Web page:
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RailsConf Day 1

Clearly I got up too late this morning – by the time I got down for breakfast, the ballroom was *packed*: to the point where there weren’t three seats at a single table for the other Minnesota lads I hooked up with! After some intro material from the Ruby Central gang, Dave Thomas presented his keynote where he challenged the community to:

  • Improve data integration
  • Come up with a better solution to real world CRUD
  • Fix deployment

Frankly, Rails has to answer a few key questions if it wants to grow beyond the alpha geek stage – of course whether the community ever wants to be mainstream is a very good question. Dave challenged the attendees to meet the proverbial “average Java programmer” half way – otherwise, Rails will just remain a niche. Obviously Rails will continue to mature (heck, someday it might even be enterprise) and I think a lot of the things that Dave talked about will get fixed (probably soon). But the community is going to have to do it – the core team only has so much time. The message I took away is oddly similar to the mantra at JavaOne – participate, participate, participate.

My first session of the day was Mike Clark on Capistrano (apparently Jamis Buck had a passport issue so Mike pitch hit). Having only just toyed around with apps on my machine and having read other people’s accounts of deployment heck, I left thinking Capistrno is pretty much the cat’s meow. And it isn’t just for Rails dangit! Pretty much anytime you need to move some files around, cap can help. Obviously we didn’t get too deep into deployment (heck the Prag guys have a whole seminar devoted to) but it sure seems like it’s one of the rough spots that needs buffing (luckily there is a lot of energy in that space so I expect it’ll only get better – but don’t just take my word for it).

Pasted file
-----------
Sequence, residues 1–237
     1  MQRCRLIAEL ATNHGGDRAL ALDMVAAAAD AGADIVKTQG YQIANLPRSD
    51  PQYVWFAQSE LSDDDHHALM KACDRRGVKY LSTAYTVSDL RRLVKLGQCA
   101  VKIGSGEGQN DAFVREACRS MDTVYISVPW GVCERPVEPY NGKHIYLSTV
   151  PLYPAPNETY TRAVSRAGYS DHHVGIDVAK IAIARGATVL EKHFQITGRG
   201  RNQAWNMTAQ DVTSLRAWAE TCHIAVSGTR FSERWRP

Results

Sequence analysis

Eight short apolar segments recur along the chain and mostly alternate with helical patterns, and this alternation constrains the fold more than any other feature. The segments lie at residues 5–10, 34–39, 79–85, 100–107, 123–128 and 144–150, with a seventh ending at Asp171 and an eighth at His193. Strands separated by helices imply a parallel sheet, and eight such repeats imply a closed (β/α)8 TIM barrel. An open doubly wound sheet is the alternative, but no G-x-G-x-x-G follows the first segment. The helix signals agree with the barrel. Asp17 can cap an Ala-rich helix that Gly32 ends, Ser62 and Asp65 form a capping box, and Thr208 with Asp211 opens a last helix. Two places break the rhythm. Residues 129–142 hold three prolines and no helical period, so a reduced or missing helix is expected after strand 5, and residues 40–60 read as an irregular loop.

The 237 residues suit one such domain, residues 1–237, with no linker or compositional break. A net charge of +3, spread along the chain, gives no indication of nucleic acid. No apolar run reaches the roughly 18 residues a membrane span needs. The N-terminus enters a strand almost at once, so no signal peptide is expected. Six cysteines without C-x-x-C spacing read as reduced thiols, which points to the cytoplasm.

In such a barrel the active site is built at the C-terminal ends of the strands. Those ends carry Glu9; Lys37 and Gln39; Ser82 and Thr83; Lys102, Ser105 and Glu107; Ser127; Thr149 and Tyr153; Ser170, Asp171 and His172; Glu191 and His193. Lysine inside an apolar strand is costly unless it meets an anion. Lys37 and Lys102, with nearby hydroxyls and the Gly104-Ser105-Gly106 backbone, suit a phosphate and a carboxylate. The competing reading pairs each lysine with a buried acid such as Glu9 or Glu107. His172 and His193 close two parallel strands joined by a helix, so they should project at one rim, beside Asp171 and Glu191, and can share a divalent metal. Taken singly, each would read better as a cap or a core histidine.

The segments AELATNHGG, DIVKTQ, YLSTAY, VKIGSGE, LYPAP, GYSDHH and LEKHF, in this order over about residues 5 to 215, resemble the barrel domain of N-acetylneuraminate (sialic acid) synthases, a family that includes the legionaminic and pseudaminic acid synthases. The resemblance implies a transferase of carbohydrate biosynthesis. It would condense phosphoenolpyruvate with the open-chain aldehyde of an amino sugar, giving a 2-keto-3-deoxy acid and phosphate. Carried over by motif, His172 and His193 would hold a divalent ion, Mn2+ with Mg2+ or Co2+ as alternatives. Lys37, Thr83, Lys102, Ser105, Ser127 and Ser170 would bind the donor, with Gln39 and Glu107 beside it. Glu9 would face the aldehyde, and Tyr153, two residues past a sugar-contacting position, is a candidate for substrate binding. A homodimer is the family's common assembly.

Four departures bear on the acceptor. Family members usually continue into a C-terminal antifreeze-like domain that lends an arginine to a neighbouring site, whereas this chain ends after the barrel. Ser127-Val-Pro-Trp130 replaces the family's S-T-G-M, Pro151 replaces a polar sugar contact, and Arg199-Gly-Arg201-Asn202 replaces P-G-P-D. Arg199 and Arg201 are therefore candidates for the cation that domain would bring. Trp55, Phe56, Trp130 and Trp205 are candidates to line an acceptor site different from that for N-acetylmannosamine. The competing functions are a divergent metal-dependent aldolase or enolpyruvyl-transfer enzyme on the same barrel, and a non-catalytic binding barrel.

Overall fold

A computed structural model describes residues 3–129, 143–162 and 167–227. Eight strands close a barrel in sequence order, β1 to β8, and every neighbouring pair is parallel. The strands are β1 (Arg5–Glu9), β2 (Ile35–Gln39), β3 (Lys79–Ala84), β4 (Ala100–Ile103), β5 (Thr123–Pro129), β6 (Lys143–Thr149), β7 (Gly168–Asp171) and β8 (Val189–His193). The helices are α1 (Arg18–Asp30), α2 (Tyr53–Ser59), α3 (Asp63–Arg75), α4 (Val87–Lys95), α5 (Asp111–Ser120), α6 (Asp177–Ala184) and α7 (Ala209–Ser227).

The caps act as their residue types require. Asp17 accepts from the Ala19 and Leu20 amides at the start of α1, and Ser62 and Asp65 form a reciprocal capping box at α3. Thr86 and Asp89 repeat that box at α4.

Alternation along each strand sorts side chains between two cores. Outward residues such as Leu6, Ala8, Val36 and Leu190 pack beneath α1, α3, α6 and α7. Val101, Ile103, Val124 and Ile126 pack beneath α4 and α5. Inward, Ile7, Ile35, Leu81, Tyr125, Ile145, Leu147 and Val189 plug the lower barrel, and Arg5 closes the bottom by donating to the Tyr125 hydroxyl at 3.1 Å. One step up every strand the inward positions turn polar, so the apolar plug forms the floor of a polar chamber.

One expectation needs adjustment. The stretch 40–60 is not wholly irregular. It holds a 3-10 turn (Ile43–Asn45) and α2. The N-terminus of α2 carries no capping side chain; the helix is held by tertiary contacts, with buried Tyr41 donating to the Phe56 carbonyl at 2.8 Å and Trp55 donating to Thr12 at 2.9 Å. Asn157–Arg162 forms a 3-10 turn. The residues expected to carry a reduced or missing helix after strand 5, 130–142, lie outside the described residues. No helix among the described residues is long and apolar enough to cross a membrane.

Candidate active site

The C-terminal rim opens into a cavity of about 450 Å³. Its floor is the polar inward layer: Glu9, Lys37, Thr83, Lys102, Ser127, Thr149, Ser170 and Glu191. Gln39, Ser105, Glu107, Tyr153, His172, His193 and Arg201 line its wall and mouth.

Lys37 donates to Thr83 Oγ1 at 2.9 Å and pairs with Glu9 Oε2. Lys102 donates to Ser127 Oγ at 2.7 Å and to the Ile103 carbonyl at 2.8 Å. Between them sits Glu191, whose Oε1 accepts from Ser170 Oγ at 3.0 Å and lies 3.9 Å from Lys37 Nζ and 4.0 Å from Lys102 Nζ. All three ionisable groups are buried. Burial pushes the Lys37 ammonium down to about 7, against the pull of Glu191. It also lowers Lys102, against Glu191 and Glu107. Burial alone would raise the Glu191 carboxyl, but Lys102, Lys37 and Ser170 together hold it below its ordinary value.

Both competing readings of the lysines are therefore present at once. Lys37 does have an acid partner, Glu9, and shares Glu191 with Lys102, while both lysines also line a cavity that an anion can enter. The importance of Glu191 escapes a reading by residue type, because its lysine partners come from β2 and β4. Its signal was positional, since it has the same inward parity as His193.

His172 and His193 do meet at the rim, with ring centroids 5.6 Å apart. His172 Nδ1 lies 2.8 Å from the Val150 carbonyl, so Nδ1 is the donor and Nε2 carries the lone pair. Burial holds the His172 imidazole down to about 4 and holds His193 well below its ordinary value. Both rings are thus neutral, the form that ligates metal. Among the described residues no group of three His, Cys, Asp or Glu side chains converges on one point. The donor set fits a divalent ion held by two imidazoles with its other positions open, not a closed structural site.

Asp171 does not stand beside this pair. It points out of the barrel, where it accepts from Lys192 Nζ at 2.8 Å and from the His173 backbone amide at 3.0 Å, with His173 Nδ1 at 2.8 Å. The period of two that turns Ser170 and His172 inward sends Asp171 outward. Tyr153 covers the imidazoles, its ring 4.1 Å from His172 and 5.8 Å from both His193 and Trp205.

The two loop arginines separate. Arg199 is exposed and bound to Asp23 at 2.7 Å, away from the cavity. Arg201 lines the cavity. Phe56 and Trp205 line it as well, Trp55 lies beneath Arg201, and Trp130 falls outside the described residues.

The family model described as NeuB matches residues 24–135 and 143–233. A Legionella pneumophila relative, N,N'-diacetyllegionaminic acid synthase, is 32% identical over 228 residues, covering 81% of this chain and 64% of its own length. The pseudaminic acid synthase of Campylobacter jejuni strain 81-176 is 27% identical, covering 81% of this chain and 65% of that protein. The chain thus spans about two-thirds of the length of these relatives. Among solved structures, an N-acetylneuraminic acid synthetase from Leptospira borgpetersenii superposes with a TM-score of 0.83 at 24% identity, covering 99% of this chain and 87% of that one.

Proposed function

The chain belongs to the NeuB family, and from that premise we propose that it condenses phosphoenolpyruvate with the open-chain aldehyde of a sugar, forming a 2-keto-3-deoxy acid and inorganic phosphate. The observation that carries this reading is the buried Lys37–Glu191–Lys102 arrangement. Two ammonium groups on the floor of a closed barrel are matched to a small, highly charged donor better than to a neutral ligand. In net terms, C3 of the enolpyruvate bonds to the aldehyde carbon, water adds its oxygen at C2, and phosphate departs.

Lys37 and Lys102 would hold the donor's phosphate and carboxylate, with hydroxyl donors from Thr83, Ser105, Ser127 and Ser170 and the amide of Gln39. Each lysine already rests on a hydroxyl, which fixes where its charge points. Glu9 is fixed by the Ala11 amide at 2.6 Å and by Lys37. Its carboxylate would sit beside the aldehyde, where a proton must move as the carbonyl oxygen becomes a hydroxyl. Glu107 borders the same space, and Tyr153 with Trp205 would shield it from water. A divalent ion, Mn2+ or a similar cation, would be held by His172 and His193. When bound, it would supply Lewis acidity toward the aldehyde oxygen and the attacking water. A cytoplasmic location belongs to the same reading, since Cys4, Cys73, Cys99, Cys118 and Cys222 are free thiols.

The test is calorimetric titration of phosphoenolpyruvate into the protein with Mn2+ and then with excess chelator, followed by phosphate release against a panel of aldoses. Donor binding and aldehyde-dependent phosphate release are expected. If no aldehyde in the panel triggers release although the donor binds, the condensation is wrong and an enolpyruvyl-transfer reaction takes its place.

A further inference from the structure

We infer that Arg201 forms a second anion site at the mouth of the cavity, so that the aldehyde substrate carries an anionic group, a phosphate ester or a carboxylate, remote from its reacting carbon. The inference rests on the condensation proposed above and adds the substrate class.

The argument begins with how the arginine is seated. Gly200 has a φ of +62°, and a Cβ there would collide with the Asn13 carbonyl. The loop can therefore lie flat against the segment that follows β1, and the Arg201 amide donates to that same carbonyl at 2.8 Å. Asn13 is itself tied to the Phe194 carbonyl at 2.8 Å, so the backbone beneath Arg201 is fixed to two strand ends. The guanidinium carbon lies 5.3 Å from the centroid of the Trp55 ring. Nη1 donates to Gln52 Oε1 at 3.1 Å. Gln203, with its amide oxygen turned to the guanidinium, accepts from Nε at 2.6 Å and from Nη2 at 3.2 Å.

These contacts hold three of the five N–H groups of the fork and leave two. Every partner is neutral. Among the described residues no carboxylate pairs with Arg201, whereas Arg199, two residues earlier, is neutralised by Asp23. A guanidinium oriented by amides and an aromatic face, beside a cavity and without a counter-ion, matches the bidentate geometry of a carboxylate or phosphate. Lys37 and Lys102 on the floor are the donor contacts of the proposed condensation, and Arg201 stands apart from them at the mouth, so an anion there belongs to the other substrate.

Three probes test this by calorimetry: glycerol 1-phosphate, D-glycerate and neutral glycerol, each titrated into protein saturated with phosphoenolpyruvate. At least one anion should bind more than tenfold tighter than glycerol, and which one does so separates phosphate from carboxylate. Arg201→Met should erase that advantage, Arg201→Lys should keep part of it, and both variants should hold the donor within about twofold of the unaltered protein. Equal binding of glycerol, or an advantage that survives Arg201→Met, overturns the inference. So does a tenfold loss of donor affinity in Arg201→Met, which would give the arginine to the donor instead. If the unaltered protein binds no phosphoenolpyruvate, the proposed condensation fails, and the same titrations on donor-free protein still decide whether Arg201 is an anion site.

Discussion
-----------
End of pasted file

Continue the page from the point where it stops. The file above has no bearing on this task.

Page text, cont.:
I choose poorly on my second talk; it was pretty disappointing. While there were a few nuggets in there about discovering what users need vs. want, I was really left wondering how this applied in any way, shape, or form to Rails – I mean seriously, how did that abstract get past the organizers? OK, so it wasn’t really that bad but had the room not been packed to point where the fire marshal would have disapproved, I just stuck it out. Luckily, the rest of the day more than made up one little blip.

As a certified “enterprise” developer, I’ve never really had to deal with authentication issues (there was always a group for that) so I figured I better take a look at the session on identity and rails. Kiran Dandekar of VeriSign gave a fantastic overview of identity (reminiscent of Dick Hardt’s Identity 2.0 talk at OSCON 2005). Kiran and Mike (I think!) talked quite a bit about their Personal Identity Provider (based on OpenID). Considering what it allowed you to do (imagine never creating another login again – and selectively choosing what information was given to each site) I am very interested in pursuing this for my login needs. VERY cool stuff.

Next up was a session from Amy “slash7.com” Hoy on how to overcoming scaffolding addiction. While Dave argued for better scaffolding, Amy was advocating running in the opposite direction. Her talk walked us through the basics in an effort to prove we don’t really need the generated code. Sure, it might look cool, but at the end of the day, the only way to learn is to jump in.